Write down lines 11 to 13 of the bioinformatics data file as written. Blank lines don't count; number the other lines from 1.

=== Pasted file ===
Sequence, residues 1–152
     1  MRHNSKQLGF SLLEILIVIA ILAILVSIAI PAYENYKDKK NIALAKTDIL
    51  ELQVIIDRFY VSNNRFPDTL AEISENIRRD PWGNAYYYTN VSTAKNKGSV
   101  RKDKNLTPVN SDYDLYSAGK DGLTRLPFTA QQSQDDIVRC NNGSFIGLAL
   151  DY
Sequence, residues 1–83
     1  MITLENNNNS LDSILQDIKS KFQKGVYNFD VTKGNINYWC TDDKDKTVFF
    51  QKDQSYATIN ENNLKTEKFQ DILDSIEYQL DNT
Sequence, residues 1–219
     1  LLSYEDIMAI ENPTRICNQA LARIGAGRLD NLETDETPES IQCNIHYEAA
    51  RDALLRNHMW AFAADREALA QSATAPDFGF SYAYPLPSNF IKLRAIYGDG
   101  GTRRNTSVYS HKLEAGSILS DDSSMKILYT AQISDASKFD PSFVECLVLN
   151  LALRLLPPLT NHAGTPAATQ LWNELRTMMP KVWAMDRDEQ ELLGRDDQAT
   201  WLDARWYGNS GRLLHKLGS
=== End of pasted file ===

    51  RDALLRNHMW AFAADREALA QSATAPDFGF SYAYPLPSNF IKLRAIYGDG
   101  GTRRNTSVYS HKLEAGSILS DDSSMKILYT AQISDASKFD PSFVECLVLN
   151  LALRLLPPLT NHAGTPAATQ LWNELRTMMP KVWAMDRDEQ ELLGRDDQAT